The new controller looks gorgeous and perhaps will be one of the best ever created. The redesigned controller is black a bit bigger that the one for Xbox 360. Now it also comes integrated with battery and includes rumble motors (vibration) in the triggers for a better gaming experience. Buttons are positioned in the same place as before, but A, B, X, and Y are more stylish and have vibrant colors.

SEE ALSO: A closer look of Xbox One, controller and Kinect 2 (Photos)

Xbox One operating system

Xbox One Dashboard user interface 640_wide

I already wrote about the three OSes and how Xbox One will benefit from Windows, so you should check it out and then continue here. Xbox One will have a new revamped user-interface that matches the Windows Phone and Windows 8 user interface, and you’ll will also find a very familiar look to the current Xbox 360.

Probably the biggest highlight is that the video game console now is able to do more than one thing at a time. This is possible because of the three operating systems that the console is running at all times, which will let you play a game or watch live TV and take a Skype call at the same time, instantly and very fast.

Microsoft is also bringing Snap mode to Xbox One and it works exactly the same to what you already know in Windows 8. It is a feature that will allow you to have two experiences on the same TV screen. For example, you can watch TV and have the new ESPN app side-by-side, or play a movie and have a Skype video call right next to it.

Xbox Live Gold membership

Not to go into much detail here, but Microsoft has said that a Xbox Live Gold membership account will be good for Xbox One as well as in Xbox 360. Furthermore, the news is that the subscription will be per-Xbox One and not per-user account as it is now set for Xbox 360. This basically means that once the console has a Xbox Live Gold subscription, all family members will be able to get access to to Xbox Live and all its benefits (online gaming, Netflix, Xbox Music, Videos, etc.).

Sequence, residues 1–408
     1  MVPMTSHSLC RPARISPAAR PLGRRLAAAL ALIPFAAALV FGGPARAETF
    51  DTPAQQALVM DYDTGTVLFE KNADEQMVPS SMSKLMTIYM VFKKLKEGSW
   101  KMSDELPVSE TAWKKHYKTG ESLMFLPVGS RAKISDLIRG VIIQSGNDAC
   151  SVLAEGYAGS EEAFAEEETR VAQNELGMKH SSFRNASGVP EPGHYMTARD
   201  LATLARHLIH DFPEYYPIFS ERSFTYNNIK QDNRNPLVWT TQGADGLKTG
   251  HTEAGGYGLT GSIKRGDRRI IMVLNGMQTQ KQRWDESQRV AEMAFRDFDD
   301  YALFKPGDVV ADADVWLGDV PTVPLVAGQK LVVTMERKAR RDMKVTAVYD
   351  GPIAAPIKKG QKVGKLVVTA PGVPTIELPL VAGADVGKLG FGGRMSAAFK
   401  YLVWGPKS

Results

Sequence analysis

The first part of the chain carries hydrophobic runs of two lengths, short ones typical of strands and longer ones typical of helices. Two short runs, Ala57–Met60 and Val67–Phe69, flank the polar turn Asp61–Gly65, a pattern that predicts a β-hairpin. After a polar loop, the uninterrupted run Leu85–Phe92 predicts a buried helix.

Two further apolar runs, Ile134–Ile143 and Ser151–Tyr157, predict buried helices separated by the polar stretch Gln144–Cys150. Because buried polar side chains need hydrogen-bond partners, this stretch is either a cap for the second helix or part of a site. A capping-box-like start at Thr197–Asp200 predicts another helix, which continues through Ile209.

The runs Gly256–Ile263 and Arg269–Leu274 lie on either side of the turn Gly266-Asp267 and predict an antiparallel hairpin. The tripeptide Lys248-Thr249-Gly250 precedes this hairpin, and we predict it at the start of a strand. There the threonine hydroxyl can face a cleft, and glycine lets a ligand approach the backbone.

With Xbox One sharing gameplay will become ubiquitous with Game DVR users will be able to record, edit, and share easily the game they play. Microsoft will also be introducing Smart Match on Xbox Live to match players dynamically based on how you use the console throughout time and not just for a specific game match.

SEE ALSO: Xbox One: The most important Q&A you need to know

Xbox One TV

Another big bet for Microsoft is live TV, in Xbox One you’ll be able to connect your set-top box via Xbox’s HDMI pass-thru to enjoy live TV, a new on-screen guide called OneGuideFavorites and Trending content tailored to your likes.

It’s yet not clear if this functionality will need permission from your cable provider, but surely the company is working so that doesn’t happen or at least you’ll be able to connect the two devices without much issues — Note that at launch, this new service will only work in the US.

New games